President Joe Biden led the United States in observing a moment of silence on Monday to commemorate the grim milestone of 500,000 US deaths from Covid-19, urging Americans to set aside partisan differences and fight the pandemic together.
“Today we mark a truly grim, heartbreaking milestone - 500,071 dead. That’s more Americans who have died in one year in this pandemic than in World War One, World War Two and the Vietnam War combined,” he said.
Mr Biden, Vice-President Kamala Harris, first lady Jill Biden and second gentleman Doug Emhoff marked a moment of silence at 6.15pm at the White House after the president’s remarks.
“As a nation, we can’t accept such a cruel fate. While we’ve been fighting this pandemic for so long, we have to resist becoming numb to sorrow,” Mr Biden said in an emotional address at the White House.
Mr Biden also ordered that all flags on federal properties and military facilities be lowered to half-staff for the next five days, White House spokeswoman Jen Psaki said.
The president called on Americans to remain vigilant in fighting the pandemic by continuing to wear marks, observe social distancing and receive vaccinations when it was their turn.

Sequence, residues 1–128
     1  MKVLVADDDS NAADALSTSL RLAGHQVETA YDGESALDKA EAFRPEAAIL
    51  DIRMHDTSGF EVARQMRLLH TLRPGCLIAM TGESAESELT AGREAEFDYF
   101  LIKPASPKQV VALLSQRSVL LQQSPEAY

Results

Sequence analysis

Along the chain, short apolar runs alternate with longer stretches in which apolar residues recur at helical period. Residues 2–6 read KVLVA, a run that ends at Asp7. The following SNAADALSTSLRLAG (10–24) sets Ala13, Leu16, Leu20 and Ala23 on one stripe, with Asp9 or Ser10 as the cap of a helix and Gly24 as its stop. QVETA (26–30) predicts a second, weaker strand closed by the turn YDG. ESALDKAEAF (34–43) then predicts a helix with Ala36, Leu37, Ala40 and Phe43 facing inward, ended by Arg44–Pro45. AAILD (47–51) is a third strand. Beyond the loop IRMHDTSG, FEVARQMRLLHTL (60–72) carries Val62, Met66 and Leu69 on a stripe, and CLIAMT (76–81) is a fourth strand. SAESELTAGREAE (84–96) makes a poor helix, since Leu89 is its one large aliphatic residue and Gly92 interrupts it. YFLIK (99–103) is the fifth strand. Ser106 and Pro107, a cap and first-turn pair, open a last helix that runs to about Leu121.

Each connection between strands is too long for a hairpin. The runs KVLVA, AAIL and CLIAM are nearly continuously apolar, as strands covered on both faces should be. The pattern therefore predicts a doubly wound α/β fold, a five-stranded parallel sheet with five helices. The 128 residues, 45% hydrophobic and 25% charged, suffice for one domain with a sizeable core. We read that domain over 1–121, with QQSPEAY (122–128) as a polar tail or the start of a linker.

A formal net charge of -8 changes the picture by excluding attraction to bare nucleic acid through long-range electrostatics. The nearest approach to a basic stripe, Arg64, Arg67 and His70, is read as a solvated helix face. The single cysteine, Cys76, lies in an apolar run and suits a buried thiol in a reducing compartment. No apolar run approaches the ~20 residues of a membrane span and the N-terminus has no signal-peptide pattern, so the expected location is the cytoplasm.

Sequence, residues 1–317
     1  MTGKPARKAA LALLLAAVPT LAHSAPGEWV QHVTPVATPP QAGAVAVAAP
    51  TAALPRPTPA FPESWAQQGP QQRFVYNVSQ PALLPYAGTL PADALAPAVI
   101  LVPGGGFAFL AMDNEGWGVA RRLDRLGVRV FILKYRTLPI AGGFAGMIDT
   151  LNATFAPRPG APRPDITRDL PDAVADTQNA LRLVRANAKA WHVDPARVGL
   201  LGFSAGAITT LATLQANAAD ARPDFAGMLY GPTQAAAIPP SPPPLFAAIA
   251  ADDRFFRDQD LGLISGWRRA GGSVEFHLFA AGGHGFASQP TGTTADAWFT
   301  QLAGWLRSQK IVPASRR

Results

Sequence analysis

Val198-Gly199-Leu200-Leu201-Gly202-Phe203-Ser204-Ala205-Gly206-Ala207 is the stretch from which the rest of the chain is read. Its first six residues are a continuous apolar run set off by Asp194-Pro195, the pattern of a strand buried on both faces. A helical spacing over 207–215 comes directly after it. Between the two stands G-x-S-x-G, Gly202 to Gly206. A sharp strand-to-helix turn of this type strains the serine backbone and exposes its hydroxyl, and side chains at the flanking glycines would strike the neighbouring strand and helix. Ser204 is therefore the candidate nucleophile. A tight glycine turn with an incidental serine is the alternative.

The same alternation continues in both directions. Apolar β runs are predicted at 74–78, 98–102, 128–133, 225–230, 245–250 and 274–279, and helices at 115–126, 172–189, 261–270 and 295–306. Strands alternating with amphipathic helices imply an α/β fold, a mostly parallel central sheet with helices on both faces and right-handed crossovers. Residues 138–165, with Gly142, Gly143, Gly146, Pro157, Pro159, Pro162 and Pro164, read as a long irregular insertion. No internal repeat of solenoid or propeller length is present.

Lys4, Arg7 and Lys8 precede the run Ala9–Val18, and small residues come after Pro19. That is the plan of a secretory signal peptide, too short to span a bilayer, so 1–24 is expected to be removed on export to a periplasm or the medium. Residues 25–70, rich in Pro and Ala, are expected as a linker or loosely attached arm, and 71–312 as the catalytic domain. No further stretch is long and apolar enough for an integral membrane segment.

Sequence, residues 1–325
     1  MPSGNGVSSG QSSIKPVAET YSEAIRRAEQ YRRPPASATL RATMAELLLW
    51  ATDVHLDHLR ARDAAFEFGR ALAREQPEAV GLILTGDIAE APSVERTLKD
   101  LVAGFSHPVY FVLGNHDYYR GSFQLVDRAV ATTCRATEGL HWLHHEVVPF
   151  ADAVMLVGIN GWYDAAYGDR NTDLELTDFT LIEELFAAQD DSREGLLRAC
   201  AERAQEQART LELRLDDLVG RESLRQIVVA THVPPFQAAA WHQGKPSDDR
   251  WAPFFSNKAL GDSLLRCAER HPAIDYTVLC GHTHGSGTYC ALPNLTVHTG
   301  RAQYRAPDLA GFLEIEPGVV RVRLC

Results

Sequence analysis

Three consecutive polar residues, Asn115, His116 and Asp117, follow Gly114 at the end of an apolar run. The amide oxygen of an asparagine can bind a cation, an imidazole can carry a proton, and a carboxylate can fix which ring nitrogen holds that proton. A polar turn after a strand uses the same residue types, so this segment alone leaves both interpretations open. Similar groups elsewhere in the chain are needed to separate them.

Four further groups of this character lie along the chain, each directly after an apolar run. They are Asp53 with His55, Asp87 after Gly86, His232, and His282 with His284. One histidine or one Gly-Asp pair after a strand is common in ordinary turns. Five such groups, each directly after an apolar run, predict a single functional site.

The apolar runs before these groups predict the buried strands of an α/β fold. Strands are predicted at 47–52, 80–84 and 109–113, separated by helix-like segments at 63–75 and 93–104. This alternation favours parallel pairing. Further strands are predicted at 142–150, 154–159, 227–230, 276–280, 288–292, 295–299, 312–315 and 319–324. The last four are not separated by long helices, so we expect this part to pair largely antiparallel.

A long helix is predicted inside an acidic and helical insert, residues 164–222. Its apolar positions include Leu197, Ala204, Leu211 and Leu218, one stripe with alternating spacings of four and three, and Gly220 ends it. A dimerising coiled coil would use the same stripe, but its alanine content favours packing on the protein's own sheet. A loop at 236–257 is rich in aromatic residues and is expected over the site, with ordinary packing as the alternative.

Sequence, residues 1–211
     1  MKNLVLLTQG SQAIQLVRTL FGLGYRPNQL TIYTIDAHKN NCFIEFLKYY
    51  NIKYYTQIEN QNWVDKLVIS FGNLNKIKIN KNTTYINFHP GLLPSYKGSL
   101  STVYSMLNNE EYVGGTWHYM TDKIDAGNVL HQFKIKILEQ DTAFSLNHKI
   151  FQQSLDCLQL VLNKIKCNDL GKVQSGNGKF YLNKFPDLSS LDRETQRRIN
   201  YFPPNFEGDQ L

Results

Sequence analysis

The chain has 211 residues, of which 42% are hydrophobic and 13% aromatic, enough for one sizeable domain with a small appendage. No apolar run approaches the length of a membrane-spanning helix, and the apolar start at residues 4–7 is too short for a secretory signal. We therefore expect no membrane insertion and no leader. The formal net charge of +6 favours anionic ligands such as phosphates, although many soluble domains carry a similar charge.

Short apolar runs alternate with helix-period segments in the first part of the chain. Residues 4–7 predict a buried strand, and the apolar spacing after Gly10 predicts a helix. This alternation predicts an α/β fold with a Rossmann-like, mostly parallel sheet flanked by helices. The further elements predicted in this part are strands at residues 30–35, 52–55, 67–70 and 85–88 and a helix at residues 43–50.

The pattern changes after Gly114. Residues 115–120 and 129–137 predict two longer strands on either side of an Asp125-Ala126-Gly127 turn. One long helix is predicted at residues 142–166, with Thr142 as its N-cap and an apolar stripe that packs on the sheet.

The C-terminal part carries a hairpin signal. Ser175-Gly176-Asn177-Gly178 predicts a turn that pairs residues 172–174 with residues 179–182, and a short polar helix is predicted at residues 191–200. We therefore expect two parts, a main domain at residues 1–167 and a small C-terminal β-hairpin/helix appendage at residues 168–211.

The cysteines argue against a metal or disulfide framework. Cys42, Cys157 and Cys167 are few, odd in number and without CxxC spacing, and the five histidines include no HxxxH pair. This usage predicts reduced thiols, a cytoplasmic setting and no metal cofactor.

“We must end the politics of misinformation that have divided families, communities and the country. It’s cost too many lives already,” he said. “We have to fight this together as one people, as the United States of America.”
More people have died in the United States due to Covid-19 than any other country in the world. With 4% of the world's population, the United States has 20% of all Covid deaths and one of the highest rates of deaths per 100,000 residents, exceeded by only a few countries such as Belgium, the United Kingdom and Italy.
Following many mask-less yearend holiday gatherings, January became the deadliest month of the pandemic so far with an average of 3,000 people dying every day. With total deaths above 500,000, one in every 673 US residents has succumbed to the pandemic. Global deaths have reached 2.57 million or one out of every 3,000 people on the planet.
The United States has reported over 28 million cases to date, about 25 per cent of all global infections. After peaking at nearly 300,000 new cases in a single day on Jan 8, the United States is now reporting about 70,000 new infections each day.